In India, 1 in 25 People Carry Gene That Causes Heart Failure

One in 25 people from India and other south Asian countries carries a mutated gene that causes heart failure.

Studying this gene, and the protein it encodes, could lead to new treatments for heart failure, Loyola University Health System researcher Sakthivel Sadayappan, PhD, wrote in a recent review article in the Journal of Molecular and Cellular Cardiology. Sadayappan has studied the gene and protein for 15 years.

Investigating the protein could provide “a better understanding of the mechanics of heart function during health and disease,” Sadayappan and first author David Barefield wrote. Barefield is a graduate student and Sadayappan is an assistant professor in the Department of Cell and Molecular Physiology at Loyola University Chicago Stritch School of Medicine.

Previous studies by Sadayappan and other researchers found that about 4 percent of people who live in India, Pakistan, Sri Lanka, Indonesia and Malaysia carry the mutation. Carriers have about a 90 percent chance of developing heart failure after age 45.

About 60 million people worldwide, including about 40 million Indians, carry the mutation. (Sadayappan, who is from India, is not a carrier.) Sadayappan said the mutation likely arose in a single person roughly 33,000 years ago, and spread throughout south Asia.

The gene encodes for a protein, called cardiac myosin binding protein-C (cMyBP-C), that is critical for the normal functioning of the heart. In the mutated gene, 25 base pairs (DNA letters) are missing. As a result, the tail end of the protein is altered. Due to this modification, the protein is not properly incorporated into the functioning unit of cardiac muscle called sarcomere. Consequently, the heart does not contract properly.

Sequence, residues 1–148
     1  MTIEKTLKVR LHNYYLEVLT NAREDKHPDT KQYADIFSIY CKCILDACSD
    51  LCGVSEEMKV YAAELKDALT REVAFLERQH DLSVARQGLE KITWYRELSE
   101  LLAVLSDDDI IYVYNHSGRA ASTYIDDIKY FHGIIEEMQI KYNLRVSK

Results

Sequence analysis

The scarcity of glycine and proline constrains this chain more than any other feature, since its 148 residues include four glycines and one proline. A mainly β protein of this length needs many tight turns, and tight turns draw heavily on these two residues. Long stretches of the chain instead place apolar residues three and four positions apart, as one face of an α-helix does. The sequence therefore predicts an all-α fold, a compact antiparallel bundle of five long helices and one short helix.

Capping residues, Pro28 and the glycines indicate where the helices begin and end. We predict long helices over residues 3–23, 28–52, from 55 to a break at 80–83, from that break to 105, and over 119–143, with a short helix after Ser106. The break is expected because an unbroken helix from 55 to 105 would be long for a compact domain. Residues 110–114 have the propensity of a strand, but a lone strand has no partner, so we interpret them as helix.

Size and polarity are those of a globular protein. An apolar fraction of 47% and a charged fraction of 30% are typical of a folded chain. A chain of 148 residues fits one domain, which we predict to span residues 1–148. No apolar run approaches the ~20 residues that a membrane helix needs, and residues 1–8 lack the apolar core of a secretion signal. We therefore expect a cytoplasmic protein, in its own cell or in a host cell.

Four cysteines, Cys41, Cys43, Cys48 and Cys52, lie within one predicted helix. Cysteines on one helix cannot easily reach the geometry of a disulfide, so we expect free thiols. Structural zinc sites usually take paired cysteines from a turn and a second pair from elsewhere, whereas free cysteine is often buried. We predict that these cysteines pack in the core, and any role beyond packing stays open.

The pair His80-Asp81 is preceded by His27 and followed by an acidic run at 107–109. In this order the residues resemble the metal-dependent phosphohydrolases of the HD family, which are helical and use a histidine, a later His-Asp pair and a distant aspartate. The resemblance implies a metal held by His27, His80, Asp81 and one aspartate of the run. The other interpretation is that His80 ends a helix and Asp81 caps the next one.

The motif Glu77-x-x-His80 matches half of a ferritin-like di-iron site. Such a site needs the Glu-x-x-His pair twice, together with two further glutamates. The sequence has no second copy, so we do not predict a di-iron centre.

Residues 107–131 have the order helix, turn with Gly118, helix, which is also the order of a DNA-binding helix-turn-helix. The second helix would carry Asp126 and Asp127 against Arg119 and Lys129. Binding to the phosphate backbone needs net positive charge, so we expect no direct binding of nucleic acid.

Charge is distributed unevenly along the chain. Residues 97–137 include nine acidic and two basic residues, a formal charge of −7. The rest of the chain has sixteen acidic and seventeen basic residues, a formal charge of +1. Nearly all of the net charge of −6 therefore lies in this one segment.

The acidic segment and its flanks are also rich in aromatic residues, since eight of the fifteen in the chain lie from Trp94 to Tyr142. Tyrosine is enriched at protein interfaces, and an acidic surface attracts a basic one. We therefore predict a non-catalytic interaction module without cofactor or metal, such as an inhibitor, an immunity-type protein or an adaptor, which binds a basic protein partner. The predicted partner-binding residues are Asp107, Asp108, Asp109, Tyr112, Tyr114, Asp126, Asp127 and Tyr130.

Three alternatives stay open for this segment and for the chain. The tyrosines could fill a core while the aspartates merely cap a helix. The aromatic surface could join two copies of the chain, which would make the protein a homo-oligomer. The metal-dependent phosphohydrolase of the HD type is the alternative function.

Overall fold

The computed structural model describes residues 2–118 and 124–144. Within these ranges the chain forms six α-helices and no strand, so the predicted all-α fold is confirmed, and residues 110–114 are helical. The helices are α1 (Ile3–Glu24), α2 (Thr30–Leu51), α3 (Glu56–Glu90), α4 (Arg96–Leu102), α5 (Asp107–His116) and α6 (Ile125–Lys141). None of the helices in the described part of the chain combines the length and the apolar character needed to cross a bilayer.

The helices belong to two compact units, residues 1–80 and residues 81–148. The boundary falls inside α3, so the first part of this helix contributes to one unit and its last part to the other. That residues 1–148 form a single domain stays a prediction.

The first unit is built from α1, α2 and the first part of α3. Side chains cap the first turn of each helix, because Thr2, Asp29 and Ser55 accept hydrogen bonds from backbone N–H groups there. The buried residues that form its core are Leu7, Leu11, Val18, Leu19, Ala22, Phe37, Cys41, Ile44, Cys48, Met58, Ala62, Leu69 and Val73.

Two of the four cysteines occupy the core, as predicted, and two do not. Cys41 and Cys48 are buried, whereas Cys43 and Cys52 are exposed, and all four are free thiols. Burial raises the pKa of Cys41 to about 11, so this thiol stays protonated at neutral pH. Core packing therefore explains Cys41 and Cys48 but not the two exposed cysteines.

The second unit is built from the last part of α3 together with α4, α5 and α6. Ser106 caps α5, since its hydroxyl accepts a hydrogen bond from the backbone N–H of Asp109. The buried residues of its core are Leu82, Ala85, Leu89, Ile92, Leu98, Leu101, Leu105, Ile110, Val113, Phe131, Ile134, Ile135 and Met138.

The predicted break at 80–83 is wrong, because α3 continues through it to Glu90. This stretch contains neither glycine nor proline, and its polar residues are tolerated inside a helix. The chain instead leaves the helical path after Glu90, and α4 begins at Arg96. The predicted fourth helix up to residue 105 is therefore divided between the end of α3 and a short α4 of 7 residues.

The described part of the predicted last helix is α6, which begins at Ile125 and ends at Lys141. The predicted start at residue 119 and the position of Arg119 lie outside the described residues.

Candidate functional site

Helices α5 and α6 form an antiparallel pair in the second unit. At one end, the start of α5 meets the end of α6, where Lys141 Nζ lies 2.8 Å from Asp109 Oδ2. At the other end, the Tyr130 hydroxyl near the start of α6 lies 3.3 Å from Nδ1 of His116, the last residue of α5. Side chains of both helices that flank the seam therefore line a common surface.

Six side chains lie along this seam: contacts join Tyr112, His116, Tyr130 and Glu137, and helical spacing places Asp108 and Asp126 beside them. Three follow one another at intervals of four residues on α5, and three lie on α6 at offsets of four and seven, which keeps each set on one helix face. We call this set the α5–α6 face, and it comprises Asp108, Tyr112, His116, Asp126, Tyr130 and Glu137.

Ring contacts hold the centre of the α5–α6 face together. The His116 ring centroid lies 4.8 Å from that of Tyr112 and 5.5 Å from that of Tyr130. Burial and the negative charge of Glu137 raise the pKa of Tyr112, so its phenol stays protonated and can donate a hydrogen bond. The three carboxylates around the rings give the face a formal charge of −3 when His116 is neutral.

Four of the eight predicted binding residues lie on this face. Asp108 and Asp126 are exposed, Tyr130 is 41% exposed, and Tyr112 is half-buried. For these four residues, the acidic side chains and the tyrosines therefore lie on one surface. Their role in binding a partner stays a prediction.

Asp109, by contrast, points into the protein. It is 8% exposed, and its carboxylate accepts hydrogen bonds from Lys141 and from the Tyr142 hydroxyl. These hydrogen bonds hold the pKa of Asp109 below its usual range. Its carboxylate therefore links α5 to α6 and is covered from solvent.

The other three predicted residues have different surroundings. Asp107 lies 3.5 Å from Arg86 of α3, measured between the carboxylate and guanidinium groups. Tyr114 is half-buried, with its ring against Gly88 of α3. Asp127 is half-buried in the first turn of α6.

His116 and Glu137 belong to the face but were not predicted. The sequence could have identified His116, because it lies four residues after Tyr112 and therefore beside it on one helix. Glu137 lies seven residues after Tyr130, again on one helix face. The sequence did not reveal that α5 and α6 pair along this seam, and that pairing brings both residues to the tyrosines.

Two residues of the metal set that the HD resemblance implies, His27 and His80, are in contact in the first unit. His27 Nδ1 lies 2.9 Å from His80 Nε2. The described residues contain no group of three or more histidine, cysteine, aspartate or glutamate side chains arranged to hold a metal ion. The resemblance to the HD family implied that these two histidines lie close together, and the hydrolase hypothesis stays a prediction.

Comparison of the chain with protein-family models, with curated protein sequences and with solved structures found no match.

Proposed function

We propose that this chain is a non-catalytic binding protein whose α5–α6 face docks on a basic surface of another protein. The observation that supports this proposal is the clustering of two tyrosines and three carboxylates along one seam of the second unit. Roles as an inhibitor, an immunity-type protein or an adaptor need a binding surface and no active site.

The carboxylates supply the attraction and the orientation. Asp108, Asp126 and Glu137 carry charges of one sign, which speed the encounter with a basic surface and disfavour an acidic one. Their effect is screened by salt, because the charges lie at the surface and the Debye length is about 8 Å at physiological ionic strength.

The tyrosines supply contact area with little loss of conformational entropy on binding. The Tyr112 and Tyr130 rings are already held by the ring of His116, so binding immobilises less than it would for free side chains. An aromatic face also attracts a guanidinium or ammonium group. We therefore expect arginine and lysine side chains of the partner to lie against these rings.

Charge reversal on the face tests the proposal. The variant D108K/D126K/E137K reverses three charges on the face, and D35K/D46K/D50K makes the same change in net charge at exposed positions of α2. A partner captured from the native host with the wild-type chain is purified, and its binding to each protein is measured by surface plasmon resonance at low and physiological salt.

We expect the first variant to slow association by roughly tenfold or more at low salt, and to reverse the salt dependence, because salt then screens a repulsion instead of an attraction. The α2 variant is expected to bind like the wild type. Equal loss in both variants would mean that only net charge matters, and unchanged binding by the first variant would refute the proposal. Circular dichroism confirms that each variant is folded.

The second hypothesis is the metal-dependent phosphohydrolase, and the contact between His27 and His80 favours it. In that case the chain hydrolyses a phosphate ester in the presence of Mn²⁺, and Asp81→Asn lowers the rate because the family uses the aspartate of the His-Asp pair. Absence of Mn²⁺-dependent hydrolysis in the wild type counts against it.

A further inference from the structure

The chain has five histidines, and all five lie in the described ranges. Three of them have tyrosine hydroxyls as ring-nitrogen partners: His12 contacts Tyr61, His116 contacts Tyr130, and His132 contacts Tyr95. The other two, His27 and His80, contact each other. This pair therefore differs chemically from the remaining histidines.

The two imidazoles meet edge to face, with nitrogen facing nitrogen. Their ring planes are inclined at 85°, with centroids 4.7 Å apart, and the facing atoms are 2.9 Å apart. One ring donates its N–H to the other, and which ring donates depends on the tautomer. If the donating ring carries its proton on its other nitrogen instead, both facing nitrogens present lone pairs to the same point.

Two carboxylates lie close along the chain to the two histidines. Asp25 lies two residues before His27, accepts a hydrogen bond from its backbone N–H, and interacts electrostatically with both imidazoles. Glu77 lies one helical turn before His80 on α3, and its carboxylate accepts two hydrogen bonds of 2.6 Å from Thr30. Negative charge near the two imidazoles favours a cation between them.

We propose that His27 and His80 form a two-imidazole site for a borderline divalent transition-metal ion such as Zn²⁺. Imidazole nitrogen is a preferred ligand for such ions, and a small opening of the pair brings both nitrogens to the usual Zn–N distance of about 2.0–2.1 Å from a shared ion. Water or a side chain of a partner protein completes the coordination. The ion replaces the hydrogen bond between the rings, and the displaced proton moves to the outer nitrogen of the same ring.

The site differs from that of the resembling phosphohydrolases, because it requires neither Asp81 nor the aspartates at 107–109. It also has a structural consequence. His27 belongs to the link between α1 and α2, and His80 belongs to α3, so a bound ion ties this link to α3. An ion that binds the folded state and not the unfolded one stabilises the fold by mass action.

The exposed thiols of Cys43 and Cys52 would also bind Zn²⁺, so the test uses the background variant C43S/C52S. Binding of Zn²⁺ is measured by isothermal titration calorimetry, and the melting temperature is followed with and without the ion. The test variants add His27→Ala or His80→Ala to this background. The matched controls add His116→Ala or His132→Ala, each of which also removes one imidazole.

In younger carriers, the heart can compensate for this defect. But as the person ages, his or her heart is no longer able to compensate. Heart muscle becomes inflamed and does not work well, a condition called cardiomyopathy. The most common manifestation of cardiomyopathy is heart failure - the heart can’t pump enough blood to the rest of the body.

There is no current treatment to prevent heart failure in people who carry the mutated gene. However, a heart-healthy diet and exercise can delay the onset of heart failure, and heart failure drugs can manage symptoms.

Sadayappan said stem cell therapy could be a possible treatment. Stem cells would be taken from a patient’s heart, genetically engineered to replace the mutated gene with a healthy gene, and then injected back in the patient’s heart. But such stem cell therapy has not been tested. Nor is there a commercial test for the gene, Sadayappan said.

But Sadayappan and other scientists are actively researching how cMyBP-C functions. And improved understanding of this crucial protein, Sadayappan said, could lead to new drugs to treat heart failure.

Next year is the 40th anniversary of the discovery of cMyBP-C, and scientists still have much to learn about the function of this protein in the heart. Sadayappan’s lab is helping lead the way by investigating the cardiomyopathy disease mechanism that could lead to new therapies to improve muscle function in heart failure patients. His long-term goal is to continue his cutting edge laboratory research to delineate the role of cMyBP-C protein function in the heart.

Sadayappan’s review article was published in the January, 2010 issue of the Journal of Molecular and Cellular Cardiology. Preparation of the article was supported by an American Heart Association Scientist Development Grant, which is supporting Sadayappan’s research on how the cMyBP-C protein functions.

Source:  Loyola University Health System

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